There is a growing body of evidence to show that a vegetable-based diet is good for your health.
As well as avoiding the risk of illness from infected animal products and avoiding exposure to the antibiotics which are regularly used on most farm animals, there are positive benefits to following a vegan diet. Like any other diet, though, it has to be balanced.
Here are some of the benefits:
- There are now several studies showing that those following a vegetable diet have lower rates of cancer, obesity, diabetes and hypertension.
- Foods such as beans and lentils, nuts, whole grains, fruits and vegetables offer a wealth of nutrients, fibre and phytochemicals that have favourable health effects.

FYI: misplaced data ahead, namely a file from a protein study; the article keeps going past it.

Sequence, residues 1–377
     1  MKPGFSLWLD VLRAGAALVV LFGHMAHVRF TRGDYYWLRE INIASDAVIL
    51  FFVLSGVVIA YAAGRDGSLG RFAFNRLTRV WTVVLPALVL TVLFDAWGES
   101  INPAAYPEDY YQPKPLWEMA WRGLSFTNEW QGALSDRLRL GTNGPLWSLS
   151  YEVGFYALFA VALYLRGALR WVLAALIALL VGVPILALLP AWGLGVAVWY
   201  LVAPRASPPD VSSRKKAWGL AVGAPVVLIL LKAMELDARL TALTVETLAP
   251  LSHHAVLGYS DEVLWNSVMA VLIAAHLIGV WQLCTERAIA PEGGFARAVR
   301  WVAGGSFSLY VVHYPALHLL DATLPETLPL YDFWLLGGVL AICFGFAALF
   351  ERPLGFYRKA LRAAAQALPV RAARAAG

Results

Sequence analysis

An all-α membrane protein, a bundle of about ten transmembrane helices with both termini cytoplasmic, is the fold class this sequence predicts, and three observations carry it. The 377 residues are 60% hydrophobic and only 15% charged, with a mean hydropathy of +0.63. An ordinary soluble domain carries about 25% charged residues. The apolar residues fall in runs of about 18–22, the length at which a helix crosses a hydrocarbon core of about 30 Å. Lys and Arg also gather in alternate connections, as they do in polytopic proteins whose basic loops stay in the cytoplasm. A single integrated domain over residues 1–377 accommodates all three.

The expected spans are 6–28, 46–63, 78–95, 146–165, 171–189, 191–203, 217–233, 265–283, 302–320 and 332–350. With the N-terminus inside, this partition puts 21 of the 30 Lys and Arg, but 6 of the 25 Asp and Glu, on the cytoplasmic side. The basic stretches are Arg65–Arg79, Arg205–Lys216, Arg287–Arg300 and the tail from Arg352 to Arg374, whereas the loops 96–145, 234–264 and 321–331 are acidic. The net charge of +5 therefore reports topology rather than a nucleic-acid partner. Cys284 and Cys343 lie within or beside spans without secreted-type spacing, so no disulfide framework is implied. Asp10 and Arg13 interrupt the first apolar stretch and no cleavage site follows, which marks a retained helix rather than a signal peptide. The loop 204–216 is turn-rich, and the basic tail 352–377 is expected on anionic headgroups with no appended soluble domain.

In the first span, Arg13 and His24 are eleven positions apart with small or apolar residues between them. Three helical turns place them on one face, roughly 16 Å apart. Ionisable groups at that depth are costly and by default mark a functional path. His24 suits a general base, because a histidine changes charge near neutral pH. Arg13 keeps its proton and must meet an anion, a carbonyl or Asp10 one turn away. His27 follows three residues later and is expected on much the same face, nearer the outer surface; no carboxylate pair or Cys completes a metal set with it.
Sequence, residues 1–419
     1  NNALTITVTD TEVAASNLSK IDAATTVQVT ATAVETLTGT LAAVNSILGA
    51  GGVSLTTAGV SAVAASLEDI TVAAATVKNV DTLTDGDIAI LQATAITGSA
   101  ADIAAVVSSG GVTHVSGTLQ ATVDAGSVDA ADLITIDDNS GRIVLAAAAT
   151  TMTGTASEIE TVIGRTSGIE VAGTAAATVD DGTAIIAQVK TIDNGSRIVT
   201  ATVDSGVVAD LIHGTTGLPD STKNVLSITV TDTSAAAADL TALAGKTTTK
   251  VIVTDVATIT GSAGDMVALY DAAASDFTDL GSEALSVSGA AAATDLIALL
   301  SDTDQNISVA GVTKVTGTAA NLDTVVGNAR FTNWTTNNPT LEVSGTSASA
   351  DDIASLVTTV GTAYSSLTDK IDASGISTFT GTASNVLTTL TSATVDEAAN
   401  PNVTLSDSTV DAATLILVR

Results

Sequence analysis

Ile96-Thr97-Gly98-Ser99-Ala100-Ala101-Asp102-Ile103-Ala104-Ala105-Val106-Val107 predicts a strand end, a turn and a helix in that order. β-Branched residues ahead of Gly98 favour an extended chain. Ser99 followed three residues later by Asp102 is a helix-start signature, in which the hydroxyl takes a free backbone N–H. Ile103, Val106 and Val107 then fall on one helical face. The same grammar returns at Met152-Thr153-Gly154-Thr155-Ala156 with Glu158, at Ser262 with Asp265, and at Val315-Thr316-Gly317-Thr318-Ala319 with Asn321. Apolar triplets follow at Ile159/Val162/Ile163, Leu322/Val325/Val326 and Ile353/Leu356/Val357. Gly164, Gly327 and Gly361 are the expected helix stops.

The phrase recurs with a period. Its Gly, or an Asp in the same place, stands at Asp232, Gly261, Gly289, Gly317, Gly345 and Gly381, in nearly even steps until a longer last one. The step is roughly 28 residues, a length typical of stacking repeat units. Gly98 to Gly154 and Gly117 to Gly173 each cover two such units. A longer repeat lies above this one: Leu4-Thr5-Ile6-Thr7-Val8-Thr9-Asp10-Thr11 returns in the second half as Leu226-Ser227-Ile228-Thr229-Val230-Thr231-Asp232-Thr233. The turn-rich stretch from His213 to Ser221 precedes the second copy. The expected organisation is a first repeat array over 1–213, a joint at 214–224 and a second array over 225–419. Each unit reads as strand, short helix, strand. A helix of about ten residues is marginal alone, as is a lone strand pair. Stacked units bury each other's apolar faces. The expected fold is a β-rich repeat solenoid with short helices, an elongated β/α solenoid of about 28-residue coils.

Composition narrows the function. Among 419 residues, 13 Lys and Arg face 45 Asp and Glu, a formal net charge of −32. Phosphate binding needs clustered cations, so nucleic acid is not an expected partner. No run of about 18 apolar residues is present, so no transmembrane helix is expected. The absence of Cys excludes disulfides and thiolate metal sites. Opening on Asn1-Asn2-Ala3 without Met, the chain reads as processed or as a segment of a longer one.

- Leafy green vegetables, nuts and seeds are great sources of iron, calcium, zinc and essential fatty acids.
- Eating a range of different coloured fruit and vegetables provides antioxidant vitamins and other helpful compounds that can guard against cell damage.
- Vegan diets are usually higher in fibre, magnesium, folate, vitamins C and E, iron and phytochemicals, while tending to be lower in calories, saturated fat and cholesterol.
- Cutting out meat and dairy can markedly reduce your intake of fat, especially saturates. Even extra lean minced beef has over four times the fat of pulses.
- Soluble fibre can help keep cholesterol under control and a balanced vegetable diet has up to twice as much fibre as the national average.
- Soya foods and nuts have been shown to be especially helpful in keeping cholesterol down. The same foods, rich in plant proteins and slowly absorbed carbohydrates with a low glycaemic index (GI), can be beneficial in avoiding and managing type 2 diabetes.
- Vegetable diets are naturally low in sugars and salt.